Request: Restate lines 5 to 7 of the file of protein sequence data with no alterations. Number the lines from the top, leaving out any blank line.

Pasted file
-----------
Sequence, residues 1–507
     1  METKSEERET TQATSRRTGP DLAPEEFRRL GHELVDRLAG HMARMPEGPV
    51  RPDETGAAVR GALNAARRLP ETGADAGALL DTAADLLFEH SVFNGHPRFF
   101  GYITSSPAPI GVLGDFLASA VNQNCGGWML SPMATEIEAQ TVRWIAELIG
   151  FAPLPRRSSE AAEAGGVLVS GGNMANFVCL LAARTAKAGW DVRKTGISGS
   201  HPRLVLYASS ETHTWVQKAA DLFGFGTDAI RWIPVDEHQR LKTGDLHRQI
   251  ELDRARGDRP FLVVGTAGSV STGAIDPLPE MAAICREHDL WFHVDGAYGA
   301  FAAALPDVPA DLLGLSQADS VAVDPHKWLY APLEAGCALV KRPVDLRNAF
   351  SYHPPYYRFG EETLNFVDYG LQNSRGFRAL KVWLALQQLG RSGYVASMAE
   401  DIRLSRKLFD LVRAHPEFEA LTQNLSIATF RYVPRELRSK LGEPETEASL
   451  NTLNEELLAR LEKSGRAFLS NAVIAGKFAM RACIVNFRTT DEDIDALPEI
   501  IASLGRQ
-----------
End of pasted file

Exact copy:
   151  FAPLPRRSSE AAEAGGVLVS GGNMANFVCL LAARTAKAGW DVRKTGISGS
   201  HPRLVLYASS ETHTWVQKAA DLFGFGTDAI RWIPVDEHQR LKTGDLHRQI
   251  ELDRARGDRP FLVVGTAGSV STGAIDPLPE MAAICREHDL WFHVDGAYGA